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The Kirby Torch

For information regarding the rebranding of The Laser to The Kirby Torch, please refer to the website

Bruce Kirby inducted into U.S. National Sailing Hall of Fame


Peter Barrett (Madison, Wis.)
Bob Bavier (New Rochelle, N.Y.)
Gregg Bemis (Boston, Mass.)
Stan Honey (Palo Alto, Calif.)
Bruce Kirby (Rowayton, Conn.)
John Kostecki (Reno, Nev.)
Mark Reynolds (San Diego, Calif.)
Rod Stephens (New York, N.Y.)
John Cox Stevens (New York, N.Y.)


Annapolis, Md. (August 15, 2012) – The National Sailing Center & Hall of Fame (NSHOF) has announced the nine sailors who will make up its 2012 class of inductees into the National Sailing Hall of Fame. Following a two-month period last spring during which sailors from all corners of the country nominated their choice for induction, a selection committee – made up of representatives from the national governing body, the sailing media, the sailing industry, community sailing, a maritime museum, NSHOF founding yacht clubs and the 2011 class of inductees – reviewed the broad spectrum of nominations.

Inductees are American citizens, 45 years of age and up, who have made significant impact on the growth and development of the sport in the U.S. in the categories of Sailing, Technical/Design and Contributor (coach, administrator, sailing media). Nominations of non-citizens were also considered if they influenced the sport in the U.S., and posthumous nominations were also accepted. The undertaking to recognize Americans who have made outstanding contributions to the sport of sailing is central to the mission of the NSHOF which was formed in 2005 and has completed phase one of its plan to establish a permanent facility on the historic waterfront of Annapolis, Maryland.

Emphasizing the national scope of the NSHOF, the 2012 class of inductees will be honored on October 14, 2012, during an invitation-only ceremony at Southern Yacht Club (New Orleans, Louisiana), the second-oldest yacht club in the country.

National Sailing Hall of Fame 2012 Inductees: navigator Stan Honey (Palo Alto, Calif.), winner of the 2006 Volvo Ocean Race as well as the 2010 Trophée Jules Verne for fastest non-stop circumnavigation of the globe; prominent yacht designer Bruce Kirby (Rowayton, Conn.); 1988 Soling Olympic silver medalist, winning Volvo Ocean Race skipper and America’s Cup tactician John Kostecki (Reno, Nev.); and three-time Star Olympic medalist and two-time Star World Champion Mark Reynolds (San Diego, Calif.).

National Sailing Hall of Fame 2012 Posthumous Inductees: Olympic gold and silver medalist Peter Barrett (Madison, Wis.); America’s Cup competitor and journalist Bob Bavier (New Rochelle, N.Y.); preeminent rules expert Gregg Bemis (Boston, Mass.); yacht designer and Medal of Freedom winner Rod Stephens (New York, N.Y.); and founder and first commodore of the New York Yacht Club John Cox Stevens (New York, NY).

News Archive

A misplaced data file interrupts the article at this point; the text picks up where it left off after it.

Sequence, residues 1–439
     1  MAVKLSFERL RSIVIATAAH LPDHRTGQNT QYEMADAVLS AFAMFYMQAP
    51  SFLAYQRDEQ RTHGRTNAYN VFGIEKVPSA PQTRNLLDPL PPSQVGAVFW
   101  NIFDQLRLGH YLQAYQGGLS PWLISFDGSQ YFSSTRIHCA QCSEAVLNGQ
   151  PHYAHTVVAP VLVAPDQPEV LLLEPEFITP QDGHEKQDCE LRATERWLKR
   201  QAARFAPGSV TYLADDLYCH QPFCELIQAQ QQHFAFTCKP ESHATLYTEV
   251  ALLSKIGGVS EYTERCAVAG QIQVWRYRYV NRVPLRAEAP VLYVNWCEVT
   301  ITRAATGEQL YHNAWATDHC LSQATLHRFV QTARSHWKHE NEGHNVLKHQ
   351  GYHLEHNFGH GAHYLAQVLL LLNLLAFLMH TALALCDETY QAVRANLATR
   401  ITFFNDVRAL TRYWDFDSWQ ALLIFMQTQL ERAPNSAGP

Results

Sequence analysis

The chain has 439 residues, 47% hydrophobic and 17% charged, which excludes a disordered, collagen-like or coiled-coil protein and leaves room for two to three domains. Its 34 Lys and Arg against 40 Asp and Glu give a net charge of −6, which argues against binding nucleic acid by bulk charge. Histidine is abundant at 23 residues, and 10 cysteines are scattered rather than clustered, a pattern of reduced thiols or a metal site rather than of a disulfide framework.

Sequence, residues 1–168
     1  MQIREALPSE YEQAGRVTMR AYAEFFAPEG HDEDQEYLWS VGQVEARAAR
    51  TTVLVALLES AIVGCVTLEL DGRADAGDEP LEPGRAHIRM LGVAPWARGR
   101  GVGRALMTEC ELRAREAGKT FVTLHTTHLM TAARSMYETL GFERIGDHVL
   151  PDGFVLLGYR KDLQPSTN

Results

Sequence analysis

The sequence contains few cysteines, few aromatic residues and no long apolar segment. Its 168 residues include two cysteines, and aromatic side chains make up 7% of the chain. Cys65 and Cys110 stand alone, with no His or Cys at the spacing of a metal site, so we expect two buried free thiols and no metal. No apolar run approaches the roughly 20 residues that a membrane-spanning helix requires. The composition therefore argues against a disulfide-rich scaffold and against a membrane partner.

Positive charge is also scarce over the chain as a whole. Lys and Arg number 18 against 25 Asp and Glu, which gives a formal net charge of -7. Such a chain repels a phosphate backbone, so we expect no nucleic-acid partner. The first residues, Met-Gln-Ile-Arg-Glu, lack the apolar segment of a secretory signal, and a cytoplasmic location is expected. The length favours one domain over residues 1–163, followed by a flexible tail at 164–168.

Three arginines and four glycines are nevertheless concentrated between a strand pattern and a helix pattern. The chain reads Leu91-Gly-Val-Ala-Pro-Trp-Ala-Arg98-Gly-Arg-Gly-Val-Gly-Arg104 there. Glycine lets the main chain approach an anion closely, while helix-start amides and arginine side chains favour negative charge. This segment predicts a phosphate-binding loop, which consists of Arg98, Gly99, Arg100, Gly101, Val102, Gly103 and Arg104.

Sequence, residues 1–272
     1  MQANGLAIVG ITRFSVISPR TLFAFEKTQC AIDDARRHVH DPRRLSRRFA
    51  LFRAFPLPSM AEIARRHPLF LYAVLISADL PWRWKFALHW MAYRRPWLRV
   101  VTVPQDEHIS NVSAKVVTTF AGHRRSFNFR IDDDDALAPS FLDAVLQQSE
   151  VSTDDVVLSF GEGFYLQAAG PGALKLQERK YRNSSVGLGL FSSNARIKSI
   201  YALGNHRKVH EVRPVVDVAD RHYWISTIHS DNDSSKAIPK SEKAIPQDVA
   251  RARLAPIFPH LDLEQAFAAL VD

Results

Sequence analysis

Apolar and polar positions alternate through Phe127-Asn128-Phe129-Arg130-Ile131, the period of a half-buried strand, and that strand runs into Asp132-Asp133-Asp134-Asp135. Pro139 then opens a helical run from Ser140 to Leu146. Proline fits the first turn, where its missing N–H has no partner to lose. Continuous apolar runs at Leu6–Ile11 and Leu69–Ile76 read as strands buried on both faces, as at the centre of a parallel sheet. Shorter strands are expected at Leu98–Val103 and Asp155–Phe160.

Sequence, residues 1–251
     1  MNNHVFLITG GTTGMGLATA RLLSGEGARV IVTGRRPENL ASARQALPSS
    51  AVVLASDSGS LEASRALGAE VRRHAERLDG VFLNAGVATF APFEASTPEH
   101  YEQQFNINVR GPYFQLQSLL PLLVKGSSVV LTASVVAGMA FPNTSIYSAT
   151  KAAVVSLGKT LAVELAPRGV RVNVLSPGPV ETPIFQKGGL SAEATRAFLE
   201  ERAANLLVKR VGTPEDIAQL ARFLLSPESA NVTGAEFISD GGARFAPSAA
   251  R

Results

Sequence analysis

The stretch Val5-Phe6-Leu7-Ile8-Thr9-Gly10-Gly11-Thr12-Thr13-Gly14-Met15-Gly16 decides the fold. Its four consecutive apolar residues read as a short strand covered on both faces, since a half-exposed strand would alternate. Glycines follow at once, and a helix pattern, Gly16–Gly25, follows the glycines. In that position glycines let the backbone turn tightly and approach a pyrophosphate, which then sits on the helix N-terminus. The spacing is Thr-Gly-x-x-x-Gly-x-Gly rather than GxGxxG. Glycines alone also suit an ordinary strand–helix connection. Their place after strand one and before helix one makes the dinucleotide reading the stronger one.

Sharpies on the Edge

Recently one of our 23 foot Norwalk Islands Sharpies sailed from the Australian mainland just east of Melbourne across the Bass Strait and down the east coast of Tasmania to Hobart. This piece of ocean is hairiest part of the course for the annual Sydney - Hobart race and is notorious for its boat busting gales and rough seas.

Future of Sailing

When discussing the Future of Yachting the question immediately arises “The future for whom? It’s one of those YOUR GUESS IS AS GOOD AS MINE topics.

More than ever before the sport is a strange mixture of dissimilar parts. We have the pure professionals tearing around the world in the Volvo 70s with square-topped mainsails, bowsprits, double rudders and twin dagger boards; the really high priced help in the America’s Cup; and there are the pros who stand behind their owners and instruct them on every move - I think they’re called tacticians.

As seen in Canadian Yachting.

The Pixel, is designed for beginner and intermediate junior sailors and made its maiden voyage recently from the Norwalk Yacht Club near Kirby's home in Rowayton Connecticut.

"I really have a good feeling about the Pixel," said Kirby,. "It is doing what I want it to do and what I hoped it would do and what the calculations said it would do."

Knowing Kirby he knew full well how this new creation would perform. In 20 knots of breeze the Pixel began planing upwind with its occupants hiking out. There is no trapeze on the Pixel and its ability to plane to windward with hiking straps only is unusual.

Off The Deep End...

Recently Australian Michael Blackburn sailed a Laser from Tasmania to mainland Australia - blasting downwind for 115 miles and averaging 8.6 knots for the distance. The wind was fresh and well aft and the seas were big - rolling in from the deep reaches of the Southern Ocean, so Blackburn, an Olympic medalist in Lasers, got some great rides during his 13-hour cruise. Blackburn said he was inspired to make the voyage when talking to other Laser fanatics about the possibility of sailing a Laser in really big seas for a film, "and we decided the film needed a big ending like sailing Bass Strait."


LARCHMONT, NY (October 19, 2005) ‰ The Junior Sailing Association of Long Island Sound (JSA of LIS) announced today that it has chosen the 14-foot Pixel as its new doublehanded training and racing sailboat. The decision was made after a three-year process that included extensive research, boat testing and feedback from JSA of LIS members.